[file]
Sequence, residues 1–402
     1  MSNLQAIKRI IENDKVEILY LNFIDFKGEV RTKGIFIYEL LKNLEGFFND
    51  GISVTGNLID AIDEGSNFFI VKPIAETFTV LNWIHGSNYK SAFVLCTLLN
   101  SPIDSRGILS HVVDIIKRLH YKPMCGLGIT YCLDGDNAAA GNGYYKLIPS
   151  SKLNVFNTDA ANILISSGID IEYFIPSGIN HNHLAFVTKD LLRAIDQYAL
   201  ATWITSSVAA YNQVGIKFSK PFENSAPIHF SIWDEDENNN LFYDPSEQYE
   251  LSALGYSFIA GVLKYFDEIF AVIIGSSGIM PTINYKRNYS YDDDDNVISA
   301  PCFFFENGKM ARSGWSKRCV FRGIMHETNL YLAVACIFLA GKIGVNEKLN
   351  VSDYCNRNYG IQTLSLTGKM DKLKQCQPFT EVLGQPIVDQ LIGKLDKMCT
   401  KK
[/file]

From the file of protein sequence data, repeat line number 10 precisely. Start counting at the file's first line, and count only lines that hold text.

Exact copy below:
   401  KK